The world of luxury is changing and wealthy consumers are becoming active participants to save our world from extinction. As a result, luxury travel brands are changing with the times to become more sustainable. Protecting the environment is paramount in high-end experiential travel and MATTER’s 2019 report promotes how travel brands can adapt to survive and remain connected with their consumers through three main trends:
Consumers seek self-fulfilment through the new sustainable luxury
There is a growing demand of luxury sustainable travel due to a developing demographic of socially conscious, high-net-worth consumers who are increasingly rejecting overt displays of wealth in favour of inconspicuous and responsible consumption. These elite customers value green, inconspicuous luxury and are driven by self-fulfilment and personalised experiences. And so, luxury travel and hospitality is being redefined to incorporate artisanship, authenticity and sustainability, as well as ethical living. Experience and transformation have become the new currency for these next-gen jetsetters, who seek self-fulfilment through green travel, while ‘doing good’ for people and the planet.
Future consumers will invest more in sustainable luxury travel
High-net-worth wealth is transferring into younger hands at a fast rate. According to the study, 72% of Millennials and Gen Zs would pay more for products and services from companies that are committed to social and environmental change. Therefore, these consumers are more willing to invest in sustainable luxury travel and value green brands more than their predecessors. The young elite are reshaping philanthropy by seeking more ways to give back, and the travel industry is supporting their mission through new initiatives from one-off donations to long-term initiatives and volunteering.
Successful luxury travel brands will make sustainability part of the guest experience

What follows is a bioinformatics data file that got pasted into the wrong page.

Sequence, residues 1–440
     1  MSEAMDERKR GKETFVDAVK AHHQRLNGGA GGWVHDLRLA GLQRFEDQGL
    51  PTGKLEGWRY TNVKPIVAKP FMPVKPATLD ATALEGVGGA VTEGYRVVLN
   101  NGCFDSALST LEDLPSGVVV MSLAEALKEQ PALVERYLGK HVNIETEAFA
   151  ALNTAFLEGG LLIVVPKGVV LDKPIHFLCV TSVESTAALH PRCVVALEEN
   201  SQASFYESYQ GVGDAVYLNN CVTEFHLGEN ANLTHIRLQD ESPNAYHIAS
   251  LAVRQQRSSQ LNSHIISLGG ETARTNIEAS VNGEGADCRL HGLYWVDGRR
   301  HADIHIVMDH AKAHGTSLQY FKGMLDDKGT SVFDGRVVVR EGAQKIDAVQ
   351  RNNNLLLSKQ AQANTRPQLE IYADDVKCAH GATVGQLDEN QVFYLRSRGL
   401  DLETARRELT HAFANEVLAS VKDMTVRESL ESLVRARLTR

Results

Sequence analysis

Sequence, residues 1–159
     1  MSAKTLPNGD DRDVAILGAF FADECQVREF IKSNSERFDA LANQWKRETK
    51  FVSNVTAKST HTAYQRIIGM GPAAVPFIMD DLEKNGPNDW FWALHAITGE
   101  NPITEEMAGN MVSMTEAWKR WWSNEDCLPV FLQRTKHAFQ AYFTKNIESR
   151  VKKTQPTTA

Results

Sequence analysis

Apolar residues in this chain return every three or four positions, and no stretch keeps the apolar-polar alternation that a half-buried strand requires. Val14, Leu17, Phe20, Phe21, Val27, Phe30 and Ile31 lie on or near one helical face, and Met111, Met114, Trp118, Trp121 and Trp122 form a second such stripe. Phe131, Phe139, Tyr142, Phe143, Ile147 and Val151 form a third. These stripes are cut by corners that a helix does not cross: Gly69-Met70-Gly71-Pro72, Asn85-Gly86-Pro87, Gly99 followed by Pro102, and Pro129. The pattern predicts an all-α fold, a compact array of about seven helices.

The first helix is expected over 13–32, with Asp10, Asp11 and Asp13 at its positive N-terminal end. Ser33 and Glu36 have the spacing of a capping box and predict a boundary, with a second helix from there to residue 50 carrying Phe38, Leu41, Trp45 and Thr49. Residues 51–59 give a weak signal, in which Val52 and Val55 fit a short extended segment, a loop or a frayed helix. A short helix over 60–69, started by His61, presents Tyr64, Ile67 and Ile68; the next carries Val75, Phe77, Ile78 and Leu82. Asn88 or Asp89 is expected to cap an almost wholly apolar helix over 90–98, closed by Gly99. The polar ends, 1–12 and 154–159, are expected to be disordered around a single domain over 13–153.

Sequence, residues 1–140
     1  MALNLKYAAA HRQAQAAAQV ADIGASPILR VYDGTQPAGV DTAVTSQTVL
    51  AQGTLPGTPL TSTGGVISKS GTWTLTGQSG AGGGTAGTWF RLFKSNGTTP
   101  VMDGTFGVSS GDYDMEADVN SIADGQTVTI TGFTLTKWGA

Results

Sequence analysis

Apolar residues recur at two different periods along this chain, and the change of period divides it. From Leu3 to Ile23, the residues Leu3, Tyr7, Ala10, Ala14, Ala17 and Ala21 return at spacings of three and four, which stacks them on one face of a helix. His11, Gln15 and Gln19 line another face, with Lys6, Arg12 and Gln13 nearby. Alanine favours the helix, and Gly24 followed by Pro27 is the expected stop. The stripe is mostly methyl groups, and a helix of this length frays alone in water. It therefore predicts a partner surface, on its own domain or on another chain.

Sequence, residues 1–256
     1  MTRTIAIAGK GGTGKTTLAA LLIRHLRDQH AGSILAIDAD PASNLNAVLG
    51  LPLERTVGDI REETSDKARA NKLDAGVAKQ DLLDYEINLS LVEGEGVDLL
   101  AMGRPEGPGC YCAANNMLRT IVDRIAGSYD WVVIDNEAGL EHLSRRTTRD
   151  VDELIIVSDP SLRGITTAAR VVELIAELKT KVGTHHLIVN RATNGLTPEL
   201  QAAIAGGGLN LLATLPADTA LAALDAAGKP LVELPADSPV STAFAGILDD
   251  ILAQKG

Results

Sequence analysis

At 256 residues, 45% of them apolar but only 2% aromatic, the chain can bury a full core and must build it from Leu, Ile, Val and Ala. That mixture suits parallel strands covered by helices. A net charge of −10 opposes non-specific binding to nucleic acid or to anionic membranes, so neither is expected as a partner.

Innovators in luxury hospitality are stepping up to environmental and social challenges, by putting sustainability at the centre of their business model and guest experience. From addressing the rise in veganism to rethinking waste, luxury hotels and resorts are honing their offer to attract future guests. Eco-tourism and conservation brand Singita allows guests to take part in sustainable and community initiatives when on safari, guests can leave a legacy from holidaying with Singita and contribute to their 100 year purpose to preserve and protect the African wilderness for future generations.
To download the report in full, please visit MATTER’s website.
On Friday 7th February, Lyre’s Non-Alcoholic Spirits hosted a preview event in Singapore for their exquisite range of lovingly crafted alcohol-free, classic spirits.
Ruby Warrington, author of Sober Curious and founder of the movement, was present to share her personal experiences, assess the history of drinking, and help re-evaluate our perception of alcohol.
The sober curiosity movement has seen a sharp increase in traction over the last few years, as people have become more in-tune with their own personal wellness journeys. It has been increasingly reported that Gen Z is the least-boozy generation to date, with more pressure at school and work being cited as the main reasons behind this change.
But what exactly is sober curiosity?
According to Ruby, it’s exactly that – to be curious about sobriety:
“[Being sober curious] means, literally, to choose to question, or get curious about, every impulse, invitation, and expectation to drink, versus mindlessly going along with the dominant drinking culture.”- Ruby Warrington
Often, Ruby argues, we drink on autopilot, with the expectation to drink at social occasions being firmly rooted in society. The sober curiosity movement encourages a judgement-free exploration of one’s relationship with alcohol and conscious drinking.
Drinking is socially ingrained
From weddings and birthday parties to work events and holidays, we commemorate many of life’s greatest moments or achievements with alcohol, with Champagne in particular being synonymous with celebration. Often, people declaring that they are abstaining is met with resistance by other members of the party, or else it is assumed that there is an underlying reason – namely pregnancy or alcoholism – behind the decision.
A rise in month-long sober social experiments such as ‘Dry January’ and ‘Sober October’ are becoming more commonplace, suggesting that people are looking for an ‘excuse’ not to drink, but how can the movement shift these mindsets and allow sober curiosity to become accepted, as opposed to reinforcing the notion that you either drink or you don’t.
So, what’s the alternative? Living sober curiously
The movement towards sober consciousness has inspired the creation of and market for viable non-alcoholic alternatives, which offer those opting out of booze a tasty, ‘grown-up’ tipple to enjoy. Brands such as Lyre’s are paving the way, lowering the ‘barrier to entry’ for the sober curious club and creating a talking point, bringing the questions of sobriety to the forefront of the conversation.
Every Lyre’s spirit is designed to look, taste and sashay around the palate just as its alcoholic counterpart might, whilst allowing drinkers to remain clear-headed and in control. Lyre’s will be available in Singapore from mid-March, and we can’t wait!
For more information on Lyre’s, and to take a look at their full range and recipe suggestions, visit their website.